John Holker (1719 – 27 April 1786) was a Jacobite soldier, industrialist, and one of the world’s first industrial espionage agents, born in StretfordOne of the four major urban areas in the Metropolitan Borough of Trafford, Greater Manchester., England, to blacksmith John Holker and his wife Alice. He married a local woman, Elizabeth Hilton, in 1740, and while still in his twenties, he set up a calendering business in Manchester, in partnership with Peter Moss. When Bonnie Prince Charlie’s army entered the town in 1746, both men purchased commissions in the Jacobite regiment that was raised there. Holker and Moss were captured at Carlisle during the army’s retreat, and were incarcerated in Newgate Prison, in London. They succeeded in escaping together, and Holker made his way, via Holland, to France,[1] where he joined the Scottish Ogilvy Regiment, a Jacobite regiment in the French army,[2] seeing service in Flanders.[1]

Holker and his wife became French citizens in 1766.[1]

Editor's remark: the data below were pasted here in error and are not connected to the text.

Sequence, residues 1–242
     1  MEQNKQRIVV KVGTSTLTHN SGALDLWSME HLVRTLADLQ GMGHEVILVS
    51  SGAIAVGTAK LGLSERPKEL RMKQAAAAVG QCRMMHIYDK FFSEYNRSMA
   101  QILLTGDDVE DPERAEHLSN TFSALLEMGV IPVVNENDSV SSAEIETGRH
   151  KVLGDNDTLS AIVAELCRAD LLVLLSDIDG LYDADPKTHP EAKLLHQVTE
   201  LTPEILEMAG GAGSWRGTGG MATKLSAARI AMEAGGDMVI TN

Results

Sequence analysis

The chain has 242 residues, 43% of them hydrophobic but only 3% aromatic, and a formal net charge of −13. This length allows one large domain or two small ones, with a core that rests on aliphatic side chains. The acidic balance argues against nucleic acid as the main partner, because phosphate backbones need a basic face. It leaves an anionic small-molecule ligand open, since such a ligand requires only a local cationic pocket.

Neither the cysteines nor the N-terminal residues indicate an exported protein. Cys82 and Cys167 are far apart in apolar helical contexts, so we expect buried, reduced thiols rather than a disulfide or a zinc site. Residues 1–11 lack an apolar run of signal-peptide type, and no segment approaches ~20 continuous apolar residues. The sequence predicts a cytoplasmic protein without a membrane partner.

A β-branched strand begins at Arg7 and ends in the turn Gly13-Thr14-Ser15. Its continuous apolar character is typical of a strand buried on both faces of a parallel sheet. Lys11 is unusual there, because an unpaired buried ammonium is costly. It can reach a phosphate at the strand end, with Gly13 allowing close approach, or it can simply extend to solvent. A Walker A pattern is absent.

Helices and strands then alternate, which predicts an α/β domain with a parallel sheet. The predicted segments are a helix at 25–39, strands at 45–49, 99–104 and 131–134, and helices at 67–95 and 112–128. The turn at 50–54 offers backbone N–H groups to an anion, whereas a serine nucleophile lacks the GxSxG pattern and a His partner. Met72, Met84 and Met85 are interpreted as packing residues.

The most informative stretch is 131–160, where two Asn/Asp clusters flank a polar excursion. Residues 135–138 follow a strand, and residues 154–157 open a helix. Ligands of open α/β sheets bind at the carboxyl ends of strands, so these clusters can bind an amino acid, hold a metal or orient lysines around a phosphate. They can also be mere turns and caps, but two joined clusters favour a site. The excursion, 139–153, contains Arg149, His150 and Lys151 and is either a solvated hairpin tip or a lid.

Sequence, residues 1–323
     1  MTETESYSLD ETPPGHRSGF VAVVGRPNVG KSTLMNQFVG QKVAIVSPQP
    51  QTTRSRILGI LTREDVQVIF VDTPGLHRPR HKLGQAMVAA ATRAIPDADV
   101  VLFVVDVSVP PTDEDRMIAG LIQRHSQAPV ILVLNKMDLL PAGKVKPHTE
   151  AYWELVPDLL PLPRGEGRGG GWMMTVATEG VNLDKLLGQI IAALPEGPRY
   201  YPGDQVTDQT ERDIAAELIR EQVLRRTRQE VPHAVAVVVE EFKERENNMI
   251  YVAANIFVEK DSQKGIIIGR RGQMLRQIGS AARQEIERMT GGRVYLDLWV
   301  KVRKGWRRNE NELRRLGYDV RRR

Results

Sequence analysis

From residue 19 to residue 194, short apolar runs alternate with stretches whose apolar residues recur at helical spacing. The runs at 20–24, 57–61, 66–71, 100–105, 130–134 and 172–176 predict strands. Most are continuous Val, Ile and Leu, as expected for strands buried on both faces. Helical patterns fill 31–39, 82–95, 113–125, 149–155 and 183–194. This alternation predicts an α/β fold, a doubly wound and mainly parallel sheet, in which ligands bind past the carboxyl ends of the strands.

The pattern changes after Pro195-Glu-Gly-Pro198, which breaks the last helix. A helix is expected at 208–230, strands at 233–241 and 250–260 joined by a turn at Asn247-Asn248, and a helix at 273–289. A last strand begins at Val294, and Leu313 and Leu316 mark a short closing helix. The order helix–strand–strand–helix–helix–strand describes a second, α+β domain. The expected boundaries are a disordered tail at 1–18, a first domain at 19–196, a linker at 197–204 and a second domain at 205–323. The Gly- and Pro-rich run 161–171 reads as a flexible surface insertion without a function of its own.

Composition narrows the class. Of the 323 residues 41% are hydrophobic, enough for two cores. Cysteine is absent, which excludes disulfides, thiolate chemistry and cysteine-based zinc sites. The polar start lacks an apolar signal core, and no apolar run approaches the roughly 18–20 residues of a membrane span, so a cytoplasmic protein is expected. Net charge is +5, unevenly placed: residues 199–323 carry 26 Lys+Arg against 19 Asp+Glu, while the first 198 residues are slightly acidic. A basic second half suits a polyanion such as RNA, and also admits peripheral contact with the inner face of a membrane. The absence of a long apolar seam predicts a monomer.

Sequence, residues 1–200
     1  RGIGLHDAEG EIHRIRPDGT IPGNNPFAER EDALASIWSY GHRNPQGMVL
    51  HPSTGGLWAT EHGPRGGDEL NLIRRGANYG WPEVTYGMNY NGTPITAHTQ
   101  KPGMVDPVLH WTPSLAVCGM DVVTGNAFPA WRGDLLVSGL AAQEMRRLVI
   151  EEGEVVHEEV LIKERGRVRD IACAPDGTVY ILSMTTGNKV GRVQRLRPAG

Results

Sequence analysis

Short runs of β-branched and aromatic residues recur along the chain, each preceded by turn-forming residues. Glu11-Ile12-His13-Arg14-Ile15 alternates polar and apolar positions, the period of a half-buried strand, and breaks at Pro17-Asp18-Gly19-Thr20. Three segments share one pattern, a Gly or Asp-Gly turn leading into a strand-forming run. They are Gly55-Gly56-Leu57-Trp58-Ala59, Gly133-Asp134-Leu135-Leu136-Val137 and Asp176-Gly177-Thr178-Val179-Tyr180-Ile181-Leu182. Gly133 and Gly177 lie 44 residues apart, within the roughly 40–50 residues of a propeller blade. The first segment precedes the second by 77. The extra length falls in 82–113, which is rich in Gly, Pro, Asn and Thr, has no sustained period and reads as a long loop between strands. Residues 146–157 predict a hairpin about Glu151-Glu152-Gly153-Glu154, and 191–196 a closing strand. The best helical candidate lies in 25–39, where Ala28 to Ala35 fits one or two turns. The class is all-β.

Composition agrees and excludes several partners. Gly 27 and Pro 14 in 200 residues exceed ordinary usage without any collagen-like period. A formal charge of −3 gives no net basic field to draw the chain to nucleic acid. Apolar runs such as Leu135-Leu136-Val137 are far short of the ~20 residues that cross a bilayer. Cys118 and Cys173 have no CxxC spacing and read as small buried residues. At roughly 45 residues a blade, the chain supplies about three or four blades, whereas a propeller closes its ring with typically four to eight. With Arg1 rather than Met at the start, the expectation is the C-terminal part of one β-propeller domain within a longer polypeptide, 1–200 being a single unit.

French textile industry

Holker came to the attention of Daniel-Charles Trudaine, head of the French bureau of commerce. Trudaine believed that Holker would be able to increase the competence of the French cotton industry, based in Rouen, raising it to the standards of the English, and he provided funds and resources to allow Holker to set up two factories: one for spinning and weaving, and the other for the finishing of cloth, particularly by calendering. Holker returned to England, and with help from his mother, managed to recruit a sufficient number of skilled workers for his new factories. He also managed to acquire some of the necessary textile machinery and have it shipped to France. Holker subsequently submitted a proposal to the French government suggesting that a scheme should be set up to encourage the “seduction” of workers and machinery from England, and that agents should be employed for that purpose. The French government approved Holker’s idea, and appointed him inspector-general of foreign manufactures in 1756, with a brief to identify those industries that might benefit from “an infusion of English technology and workers”.[1]

French chemical industry

Holker also developed an interest in the French chemical industry, and in particular the manufacture of vitriol, an archaic name for sulfuric acid, which could be used as a bleach for linen. At the time, Britain had a monopoly on the manufacture of vitriol, but working with his son Holker was able to establish a factory at Saint-Sever, a suburb of Rouen, which produced the acid in sufficient quantities not only to supply the needs of France, but also to turn the country into an exporter of sulfuric acid.[2]